Lindsey joined the lab in the fall of 2012 after completing a B.S. in Environmental Management at theUniversity of Tennessee at Martin. Her general research interests include evaluating soil microbial communities in pasture ecosystems and responses to global climate change. For her M.S. research, Lindsey investigated the seasonal responses of soil microbes and enzyme activities in a hay-managed grassland to predicted increases in temperature and precipitation as part of the UK Climate Change Project. Lindsey successfully defended her M.S. thesis, titled "Soil microbial community response to climate change: Results from a temperate Kentucky pasture" (http://uknowledge.uky.edu/pss_etds/8/), in July 2012, and is now working on her doctorate in the lab.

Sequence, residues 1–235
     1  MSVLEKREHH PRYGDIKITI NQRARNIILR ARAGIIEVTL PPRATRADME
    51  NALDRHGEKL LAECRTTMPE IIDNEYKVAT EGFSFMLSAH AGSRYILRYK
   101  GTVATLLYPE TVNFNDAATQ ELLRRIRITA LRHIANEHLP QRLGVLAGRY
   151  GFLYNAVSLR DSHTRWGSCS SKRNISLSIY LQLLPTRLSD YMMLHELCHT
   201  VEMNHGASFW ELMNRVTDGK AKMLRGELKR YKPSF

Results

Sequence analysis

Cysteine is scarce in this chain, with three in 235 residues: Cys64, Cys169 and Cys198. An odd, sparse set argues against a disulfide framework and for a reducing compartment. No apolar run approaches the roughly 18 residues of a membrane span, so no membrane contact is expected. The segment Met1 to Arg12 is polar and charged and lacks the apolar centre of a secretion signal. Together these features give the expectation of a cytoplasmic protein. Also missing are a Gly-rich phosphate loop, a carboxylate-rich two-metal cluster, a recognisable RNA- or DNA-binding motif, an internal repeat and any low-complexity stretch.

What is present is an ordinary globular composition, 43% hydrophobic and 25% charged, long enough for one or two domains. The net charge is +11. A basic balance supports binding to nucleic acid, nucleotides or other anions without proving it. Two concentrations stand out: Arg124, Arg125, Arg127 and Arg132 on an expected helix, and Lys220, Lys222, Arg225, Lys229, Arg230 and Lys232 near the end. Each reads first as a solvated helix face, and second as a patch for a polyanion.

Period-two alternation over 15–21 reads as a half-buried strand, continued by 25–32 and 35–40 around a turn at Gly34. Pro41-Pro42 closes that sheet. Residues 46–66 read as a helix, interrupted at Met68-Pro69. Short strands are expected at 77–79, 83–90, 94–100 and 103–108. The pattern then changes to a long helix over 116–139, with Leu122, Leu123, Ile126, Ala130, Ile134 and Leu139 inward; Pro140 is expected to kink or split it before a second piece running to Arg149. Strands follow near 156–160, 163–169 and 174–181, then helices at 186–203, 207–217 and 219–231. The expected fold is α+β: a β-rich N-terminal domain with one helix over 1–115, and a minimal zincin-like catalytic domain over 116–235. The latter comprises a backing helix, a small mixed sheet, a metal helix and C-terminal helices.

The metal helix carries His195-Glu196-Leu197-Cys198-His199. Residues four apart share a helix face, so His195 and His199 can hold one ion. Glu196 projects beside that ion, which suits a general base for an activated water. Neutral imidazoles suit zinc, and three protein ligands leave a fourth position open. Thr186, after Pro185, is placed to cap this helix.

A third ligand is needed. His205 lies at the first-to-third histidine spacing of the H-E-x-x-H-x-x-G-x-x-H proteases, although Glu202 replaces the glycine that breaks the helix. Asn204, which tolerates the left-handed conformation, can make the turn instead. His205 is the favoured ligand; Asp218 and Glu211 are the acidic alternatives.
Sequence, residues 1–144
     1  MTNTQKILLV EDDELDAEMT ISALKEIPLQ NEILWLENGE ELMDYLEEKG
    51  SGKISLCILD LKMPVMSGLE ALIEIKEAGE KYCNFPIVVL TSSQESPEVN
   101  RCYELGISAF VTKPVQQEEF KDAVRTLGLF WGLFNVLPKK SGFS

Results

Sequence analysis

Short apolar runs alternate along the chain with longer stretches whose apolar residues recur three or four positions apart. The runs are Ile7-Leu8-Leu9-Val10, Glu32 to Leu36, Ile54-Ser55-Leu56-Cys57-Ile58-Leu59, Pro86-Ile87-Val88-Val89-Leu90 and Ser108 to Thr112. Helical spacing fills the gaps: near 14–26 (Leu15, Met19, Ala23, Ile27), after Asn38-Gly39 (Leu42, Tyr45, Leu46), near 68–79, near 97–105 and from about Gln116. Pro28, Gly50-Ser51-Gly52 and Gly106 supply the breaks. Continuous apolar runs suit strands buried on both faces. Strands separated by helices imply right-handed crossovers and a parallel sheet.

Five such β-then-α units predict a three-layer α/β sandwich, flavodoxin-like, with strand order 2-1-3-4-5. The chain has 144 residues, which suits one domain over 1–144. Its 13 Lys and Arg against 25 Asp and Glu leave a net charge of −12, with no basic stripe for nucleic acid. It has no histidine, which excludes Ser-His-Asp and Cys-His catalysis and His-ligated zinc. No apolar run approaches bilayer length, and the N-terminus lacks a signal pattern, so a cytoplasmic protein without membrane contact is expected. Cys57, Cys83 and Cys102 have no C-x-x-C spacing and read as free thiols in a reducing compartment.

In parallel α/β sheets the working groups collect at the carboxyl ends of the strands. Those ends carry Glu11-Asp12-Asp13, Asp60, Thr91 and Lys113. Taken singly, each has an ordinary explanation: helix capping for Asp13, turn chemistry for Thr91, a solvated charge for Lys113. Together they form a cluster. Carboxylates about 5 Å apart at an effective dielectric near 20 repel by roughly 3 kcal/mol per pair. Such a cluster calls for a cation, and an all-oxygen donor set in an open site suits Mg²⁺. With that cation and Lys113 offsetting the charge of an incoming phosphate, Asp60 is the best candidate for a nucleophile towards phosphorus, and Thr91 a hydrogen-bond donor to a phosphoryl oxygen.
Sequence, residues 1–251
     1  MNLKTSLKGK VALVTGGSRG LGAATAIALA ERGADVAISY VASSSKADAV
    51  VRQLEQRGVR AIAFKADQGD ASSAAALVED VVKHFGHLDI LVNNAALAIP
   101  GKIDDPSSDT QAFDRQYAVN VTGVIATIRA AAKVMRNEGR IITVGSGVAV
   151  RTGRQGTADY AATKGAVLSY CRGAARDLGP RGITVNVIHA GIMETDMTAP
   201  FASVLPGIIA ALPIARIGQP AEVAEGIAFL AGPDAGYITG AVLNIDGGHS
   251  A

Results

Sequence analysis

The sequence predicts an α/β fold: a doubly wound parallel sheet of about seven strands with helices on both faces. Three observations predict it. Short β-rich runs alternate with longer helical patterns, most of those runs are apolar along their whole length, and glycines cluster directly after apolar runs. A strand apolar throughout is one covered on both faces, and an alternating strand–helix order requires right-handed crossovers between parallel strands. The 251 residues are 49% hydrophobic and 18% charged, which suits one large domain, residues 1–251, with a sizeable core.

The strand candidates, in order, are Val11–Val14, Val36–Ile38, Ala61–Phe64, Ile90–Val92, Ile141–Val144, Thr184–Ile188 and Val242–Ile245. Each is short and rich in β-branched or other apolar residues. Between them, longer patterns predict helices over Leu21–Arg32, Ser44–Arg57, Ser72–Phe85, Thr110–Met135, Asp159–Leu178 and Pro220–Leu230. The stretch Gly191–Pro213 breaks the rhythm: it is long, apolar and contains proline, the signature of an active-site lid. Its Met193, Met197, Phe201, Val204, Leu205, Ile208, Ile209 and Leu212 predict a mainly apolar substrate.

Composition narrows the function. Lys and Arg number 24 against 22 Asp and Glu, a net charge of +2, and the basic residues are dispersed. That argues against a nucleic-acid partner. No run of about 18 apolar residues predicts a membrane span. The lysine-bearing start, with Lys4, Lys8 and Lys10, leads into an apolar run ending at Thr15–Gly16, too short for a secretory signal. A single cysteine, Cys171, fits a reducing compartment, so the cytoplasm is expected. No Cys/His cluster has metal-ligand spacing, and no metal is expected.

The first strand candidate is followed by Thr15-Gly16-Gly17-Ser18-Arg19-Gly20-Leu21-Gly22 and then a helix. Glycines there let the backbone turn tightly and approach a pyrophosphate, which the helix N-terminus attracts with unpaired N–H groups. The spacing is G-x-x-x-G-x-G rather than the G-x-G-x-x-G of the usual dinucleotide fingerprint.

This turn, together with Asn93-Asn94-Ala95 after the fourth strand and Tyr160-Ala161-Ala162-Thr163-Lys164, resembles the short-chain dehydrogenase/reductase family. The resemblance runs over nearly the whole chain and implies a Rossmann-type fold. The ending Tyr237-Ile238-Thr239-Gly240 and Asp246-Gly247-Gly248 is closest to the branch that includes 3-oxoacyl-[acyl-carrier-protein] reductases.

Lindsey's PhD research began with a focus on the aboveground symbiosis between a cool-season foragegrass tall fescue and a fungal endophyte Neotyphodium coenophialum, and the effects of this symbiosis on soil- and plant-microbial interactions in mixed pasture ecosystems. For her dissertation research, she is currently investigating the effects of this tall fescue: endophyte symbiosis on three key soil- and plant-microbial interactions: 1) nitrogen fixation dynamics of both neighboring red clover plants and free-living bacterial communities, 2) colonization of arbuscular mycorrhizal fungi (AMF) on roots of three varieties of tall fescue, and 3) further response of AMF colonization to both climate change (increased heat and precipitation) and tall fescue genotype within a single variety. In all of these studies, tall fescue is either endophyte-free, infected with the common strain of Neotyphodium which is toxic to livestock animals, or infected with one of two non-toxic strains of the endophyte.